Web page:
At the recent Intermat 2024 trade fair, held at the Parc de Expositions de Villepinte near Paris, France, the obvious stars of the show were the construction machines and related equipment. But with few opportunities this year to present their new models (Bauma and Agritechnica are coming up in 2025), a small number of engine OEMs used the show to introduce their latest power solutions.

One of those engine manufacturers was Cummins, which unveiled the Off-Highway Next Generation X15 heavy-duty diesel engine. With a power output of up to 522 kW (700 hp) and peak torque of 3200 Nm, the 14.5-litre engine further incorporates tech intended to optimise fuel economy (180 g/kWh). The X15 also has an extended maintenance schedule of 1000 hours, helping to reduce total cost of ownership.

The Next Generation X15 is one of the ‘fuel agnostic’ series of engines now being developed by Cummins. The strategy goes like this: across a given displacement, all engines will share mildly modified version of an all-new platform which is then twinned with a fuel-specific head. Each range will include diesel/HVO variants, through to gaseous fuel versions supporting natural gas (methane), CNG/LNG and hydrogen – another model based on the fuel agnostic strategy, the new B6.7H hydrogen internal combustion engine, was also present at Intermat.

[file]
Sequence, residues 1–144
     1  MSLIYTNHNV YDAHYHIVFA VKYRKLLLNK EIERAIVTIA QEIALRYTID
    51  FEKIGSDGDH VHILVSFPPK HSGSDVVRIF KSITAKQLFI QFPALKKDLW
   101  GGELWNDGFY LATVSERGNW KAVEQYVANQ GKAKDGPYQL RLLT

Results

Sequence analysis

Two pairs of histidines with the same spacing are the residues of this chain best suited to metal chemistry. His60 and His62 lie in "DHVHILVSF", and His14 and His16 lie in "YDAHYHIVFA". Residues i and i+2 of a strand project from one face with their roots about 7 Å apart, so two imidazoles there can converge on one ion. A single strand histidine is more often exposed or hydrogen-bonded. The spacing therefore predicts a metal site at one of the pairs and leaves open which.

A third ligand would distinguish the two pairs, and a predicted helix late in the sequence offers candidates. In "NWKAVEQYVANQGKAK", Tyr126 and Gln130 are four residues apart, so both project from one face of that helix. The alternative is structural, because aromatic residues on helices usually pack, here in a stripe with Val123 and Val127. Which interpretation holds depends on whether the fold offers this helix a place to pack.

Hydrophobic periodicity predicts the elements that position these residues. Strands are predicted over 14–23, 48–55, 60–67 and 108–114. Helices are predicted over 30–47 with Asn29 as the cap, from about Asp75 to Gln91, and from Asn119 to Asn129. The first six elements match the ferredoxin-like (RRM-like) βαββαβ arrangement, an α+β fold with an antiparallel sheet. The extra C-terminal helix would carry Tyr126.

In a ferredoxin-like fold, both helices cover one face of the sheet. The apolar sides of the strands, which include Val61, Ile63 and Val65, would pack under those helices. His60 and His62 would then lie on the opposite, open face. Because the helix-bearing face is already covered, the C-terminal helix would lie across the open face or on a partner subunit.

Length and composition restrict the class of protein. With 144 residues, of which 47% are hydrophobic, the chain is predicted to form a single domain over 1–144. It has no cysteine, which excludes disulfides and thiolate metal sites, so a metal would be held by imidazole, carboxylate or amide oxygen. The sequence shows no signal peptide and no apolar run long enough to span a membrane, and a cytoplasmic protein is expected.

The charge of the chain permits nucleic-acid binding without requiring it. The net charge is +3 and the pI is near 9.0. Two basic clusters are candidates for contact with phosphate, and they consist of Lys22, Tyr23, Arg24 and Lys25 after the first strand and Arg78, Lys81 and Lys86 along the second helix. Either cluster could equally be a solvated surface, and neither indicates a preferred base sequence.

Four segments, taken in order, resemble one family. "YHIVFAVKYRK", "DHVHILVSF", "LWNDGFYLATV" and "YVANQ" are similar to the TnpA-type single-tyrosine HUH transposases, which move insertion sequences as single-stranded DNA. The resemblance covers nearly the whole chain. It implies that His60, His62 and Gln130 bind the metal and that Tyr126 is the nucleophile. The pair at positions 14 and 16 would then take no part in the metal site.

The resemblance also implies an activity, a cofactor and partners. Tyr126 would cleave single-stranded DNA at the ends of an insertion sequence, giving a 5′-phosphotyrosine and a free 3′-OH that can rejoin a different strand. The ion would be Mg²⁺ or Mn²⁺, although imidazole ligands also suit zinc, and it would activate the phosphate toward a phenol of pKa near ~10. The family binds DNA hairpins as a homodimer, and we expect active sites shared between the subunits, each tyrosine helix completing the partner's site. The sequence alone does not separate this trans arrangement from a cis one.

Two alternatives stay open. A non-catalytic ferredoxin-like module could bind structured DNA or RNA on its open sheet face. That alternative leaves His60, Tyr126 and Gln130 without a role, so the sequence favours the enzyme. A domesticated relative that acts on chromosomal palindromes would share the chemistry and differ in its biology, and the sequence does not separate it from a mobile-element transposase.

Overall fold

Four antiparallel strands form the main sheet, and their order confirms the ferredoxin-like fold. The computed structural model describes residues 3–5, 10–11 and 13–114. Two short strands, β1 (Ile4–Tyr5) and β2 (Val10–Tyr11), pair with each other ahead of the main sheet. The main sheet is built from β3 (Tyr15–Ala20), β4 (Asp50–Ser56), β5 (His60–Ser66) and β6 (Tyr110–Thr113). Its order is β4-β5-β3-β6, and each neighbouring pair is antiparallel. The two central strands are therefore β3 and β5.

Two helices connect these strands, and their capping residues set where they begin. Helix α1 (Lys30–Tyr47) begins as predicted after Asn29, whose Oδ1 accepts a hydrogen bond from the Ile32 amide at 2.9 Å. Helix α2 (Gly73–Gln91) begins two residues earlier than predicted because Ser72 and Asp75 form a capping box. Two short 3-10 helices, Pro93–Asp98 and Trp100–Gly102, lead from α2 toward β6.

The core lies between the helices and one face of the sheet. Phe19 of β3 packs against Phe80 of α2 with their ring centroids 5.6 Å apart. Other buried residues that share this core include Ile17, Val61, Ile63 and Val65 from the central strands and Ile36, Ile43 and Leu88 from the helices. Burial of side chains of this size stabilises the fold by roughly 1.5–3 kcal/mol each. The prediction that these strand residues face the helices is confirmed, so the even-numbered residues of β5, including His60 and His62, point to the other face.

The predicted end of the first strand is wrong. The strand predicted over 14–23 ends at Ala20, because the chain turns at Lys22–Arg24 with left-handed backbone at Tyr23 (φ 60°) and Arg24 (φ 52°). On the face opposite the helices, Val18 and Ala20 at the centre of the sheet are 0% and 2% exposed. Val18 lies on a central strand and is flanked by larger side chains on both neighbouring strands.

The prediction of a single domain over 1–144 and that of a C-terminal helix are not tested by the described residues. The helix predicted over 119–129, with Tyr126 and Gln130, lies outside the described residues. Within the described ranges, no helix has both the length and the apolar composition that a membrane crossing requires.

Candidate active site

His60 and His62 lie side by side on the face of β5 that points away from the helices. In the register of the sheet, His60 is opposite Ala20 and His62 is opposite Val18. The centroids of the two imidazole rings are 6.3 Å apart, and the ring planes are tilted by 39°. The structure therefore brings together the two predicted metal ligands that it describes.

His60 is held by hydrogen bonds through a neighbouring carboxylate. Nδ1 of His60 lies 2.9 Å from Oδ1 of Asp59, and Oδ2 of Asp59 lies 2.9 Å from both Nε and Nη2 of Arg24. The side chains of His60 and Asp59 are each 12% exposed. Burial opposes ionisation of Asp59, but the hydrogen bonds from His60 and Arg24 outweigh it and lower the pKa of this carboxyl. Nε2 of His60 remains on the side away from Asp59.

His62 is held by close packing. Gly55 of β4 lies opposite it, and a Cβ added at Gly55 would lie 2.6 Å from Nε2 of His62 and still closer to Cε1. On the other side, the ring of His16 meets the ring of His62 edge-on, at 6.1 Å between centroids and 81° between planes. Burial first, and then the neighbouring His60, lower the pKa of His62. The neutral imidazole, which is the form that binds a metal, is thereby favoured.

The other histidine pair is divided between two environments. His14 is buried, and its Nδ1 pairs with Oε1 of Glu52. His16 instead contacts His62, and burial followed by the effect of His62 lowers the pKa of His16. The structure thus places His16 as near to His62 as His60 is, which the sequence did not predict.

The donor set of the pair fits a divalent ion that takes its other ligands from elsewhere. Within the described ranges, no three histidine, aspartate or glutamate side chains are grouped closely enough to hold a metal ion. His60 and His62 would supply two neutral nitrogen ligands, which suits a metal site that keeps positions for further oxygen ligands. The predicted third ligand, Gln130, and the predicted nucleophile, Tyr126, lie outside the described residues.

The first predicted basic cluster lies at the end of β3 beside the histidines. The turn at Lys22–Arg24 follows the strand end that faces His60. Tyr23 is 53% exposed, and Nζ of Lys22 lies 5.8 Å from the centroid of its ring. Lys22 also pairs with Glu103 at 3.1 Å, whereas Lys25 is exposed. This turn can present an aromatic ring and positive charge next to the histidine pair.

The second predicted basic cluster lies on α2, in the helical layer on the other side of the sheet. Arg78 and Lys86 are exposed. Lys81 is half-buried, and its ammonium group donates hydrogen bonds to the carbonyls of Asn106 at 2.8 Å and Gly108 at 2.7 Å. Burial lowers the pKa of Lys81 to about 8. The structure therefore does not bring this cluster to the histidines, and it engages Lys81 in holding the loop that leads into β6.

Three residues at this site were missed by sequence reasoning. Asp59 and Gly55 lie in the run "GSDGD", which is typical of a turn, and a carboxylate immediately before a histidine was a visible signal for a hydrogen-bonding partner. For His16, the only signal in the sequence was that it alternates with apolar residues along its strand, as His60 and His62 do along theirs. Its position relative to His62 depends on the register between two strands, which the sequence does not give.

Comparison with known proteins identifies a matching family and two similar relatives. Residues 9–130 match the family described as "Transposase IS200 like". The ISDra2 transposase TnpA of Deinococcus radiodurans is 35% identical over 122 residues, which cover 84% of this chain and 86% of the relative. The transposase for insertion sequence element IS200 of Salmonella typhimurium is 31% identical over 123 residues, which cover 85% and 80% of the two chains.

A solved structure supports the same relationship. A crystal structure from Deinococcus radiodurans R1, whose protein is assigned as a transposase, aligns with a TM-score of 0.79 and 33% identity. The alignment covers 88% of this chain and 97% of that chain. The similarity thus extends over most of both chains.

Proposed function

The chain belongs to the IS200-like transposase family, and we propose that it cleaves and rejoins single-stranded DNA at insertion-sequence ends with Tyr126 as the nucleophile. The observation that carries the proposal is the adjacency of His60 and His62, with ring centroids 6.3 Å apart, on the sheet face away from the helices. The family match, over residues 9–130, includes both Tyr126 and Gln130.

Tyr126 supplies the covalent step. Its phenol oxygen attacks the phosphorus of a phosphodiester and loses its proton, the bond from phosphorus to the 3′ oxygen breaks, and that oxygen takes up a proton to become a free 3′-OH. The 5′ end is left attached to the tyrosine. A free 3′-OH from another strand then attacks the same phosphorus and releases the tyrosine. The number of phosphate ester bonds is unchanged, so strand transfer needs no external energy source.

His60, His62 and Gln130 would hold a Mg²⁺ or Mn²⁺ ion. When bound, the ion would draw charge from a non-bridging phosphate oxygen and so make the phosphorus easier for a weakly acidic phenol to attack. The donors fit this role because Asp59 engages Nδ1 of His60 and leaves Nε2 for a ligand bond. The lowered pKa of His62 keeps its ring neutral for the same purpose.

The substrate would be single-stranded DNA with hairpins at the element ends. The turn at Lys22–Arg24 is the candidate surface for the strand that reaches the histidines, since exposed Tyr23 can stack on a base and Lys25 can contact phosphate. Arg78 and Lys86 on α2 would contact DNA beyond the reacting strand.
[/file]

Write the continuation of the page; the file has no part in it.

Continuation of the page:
Introducing HELM

The fuel agnostic engine programme has now been rebranded as HELM, an acronym which loosely translates to higher efficiency, lower emissions and multiple fuels. Indeed, while the Next Generation X15 will be compliant with Stage 5 standards, the goal is to have the engine achieve compliance with the anticipated Stage 6 standards.